21 September 2020, Microsoft surprised the gaming industry and its community when announcing the Zenimax Media acquisition for US$7.5 billion in cash.
In case you didn’t know, Zenimax Media is pretty big since it has some companies and several popular franchises under its belt. According to Microsoft, ZeniMax Media (founded in 1999) has more than 2,300 employees.
These are the notable IPs (and its developer) under Zenimax:
- The Elder Scrolls IV: Oblivion (Bethesda)
- The Elder Scrolls V: Skyrim (Bethesda)
- Fallout 3 (Bethesda)
- Fallout 4 (Bethesda)
- DOOM (2016, id Software)
- DOOM Eternal (id Software)
- Dishonored (Arkane Studios)
- Dishonored 2 (Arkane Studios)
- Wolfenstein: The New Order (Machine Games)
- Wolfenstein II: The New Colossus (Machine Games)
- Wolfenstein: Youngblood (Machine Games)
- The Evil Within (Tango Gameworks)
- The Evil Within 2 (Tango Gameworks)
I know that, usually, the gaming community is pessimistic when they see a giant company acquires an indie or private game developer/publisher. It’s justified though because giant gaming companies mostly prefer to satisfy their board members or shareholders rather than the community — if they have to pick a side.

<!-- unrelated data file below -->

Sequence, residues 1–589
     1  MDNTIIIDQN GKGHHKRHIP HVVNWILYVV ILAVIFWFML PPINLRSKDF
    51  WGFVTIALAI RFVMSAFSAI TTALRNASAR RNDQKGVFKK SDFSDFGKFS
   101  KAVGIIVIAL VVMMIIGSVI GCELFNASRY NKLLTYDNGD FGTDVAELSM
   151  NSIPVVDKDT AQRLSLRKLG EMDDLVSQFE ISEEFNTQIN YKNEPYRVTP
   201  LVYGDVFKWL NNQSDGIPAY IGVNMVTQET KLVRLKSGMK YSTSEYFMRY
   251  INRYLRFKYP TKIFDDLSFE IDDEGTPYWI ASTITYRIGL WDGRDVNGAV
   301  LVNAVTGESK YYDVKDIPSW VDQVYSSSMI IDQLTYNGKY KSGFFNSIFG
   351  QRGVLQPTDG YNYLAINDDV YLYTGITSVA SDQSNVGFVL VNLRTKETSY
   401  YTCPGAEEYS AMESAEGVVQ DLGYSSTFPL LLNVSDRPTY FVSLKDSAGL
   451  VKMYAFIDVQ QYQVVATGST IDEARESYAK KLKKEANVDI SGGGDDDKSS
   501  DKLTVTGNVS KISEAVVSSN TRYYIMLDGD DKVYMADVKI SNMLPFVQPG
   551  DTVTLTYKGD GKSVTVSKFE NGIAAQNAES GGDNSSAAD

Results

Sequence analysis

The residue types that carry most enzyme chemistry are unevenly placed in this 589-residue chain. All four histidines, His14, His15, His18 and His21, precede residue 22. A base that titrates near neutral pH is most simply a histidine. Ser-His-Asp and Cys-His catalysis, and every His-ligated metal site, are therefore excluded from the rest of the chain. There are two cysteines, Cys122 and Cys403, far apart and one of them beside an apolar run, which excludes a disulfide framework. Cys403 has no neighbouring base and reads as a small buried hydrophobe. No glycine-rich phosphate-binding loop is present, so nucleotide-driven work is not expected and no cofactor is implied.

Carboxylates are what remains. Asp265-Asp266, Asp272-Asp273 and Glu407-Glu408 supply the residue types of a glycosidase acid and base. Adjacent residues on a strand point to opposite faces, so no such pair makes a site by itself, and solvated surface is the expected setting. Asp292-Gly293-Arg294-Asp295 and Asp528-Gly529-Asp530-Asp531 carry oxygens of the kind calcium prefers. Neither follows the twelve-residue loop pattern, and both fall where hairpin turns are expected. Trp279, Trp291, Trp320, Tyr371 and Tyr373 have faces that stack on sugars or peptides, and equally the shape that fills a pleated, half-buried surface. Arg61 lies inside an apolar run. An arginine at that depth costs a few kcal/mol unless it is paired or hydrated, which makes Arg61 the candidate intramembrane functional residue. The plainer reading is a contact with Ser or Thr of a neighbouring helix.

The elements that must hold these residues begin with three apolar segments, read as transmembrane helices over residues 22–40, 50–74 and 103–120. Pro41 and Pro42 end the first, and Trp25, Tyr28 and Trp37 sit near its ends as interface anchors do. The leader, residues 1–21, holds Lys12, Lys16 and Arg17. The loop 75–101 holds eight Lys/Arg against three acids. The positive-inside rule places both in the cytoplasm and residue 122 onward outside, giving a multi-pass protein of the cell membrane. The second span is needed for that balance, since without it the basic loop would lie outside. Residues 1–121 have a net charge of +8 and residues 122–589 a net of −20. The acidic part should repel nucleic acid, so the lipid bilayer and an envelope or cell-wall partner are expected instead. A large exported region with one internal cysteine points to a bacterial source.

Most game enthusiasts, including me, hate these features: game as a service (GaaS), lootbox or gacha system, always online even in the single player mode, micro-transactions, overused franchises, or even advertising in the game. Yet, those features could be found in so many modern games because it brings more money and makes shareholders happier.
Those are not the only things that annoy gamers. Sometimes, giant companies want to publish the game as fast as possible so they could generate revenue quicker even though it’s not ready yet and full of bugs.
That’s why I understand if some people share their concern regarding the acquisition of Zenimax by Microsoft.
Let’s take a look at the acquisition from some perspectives.
Previous Acquisitions by Microsoft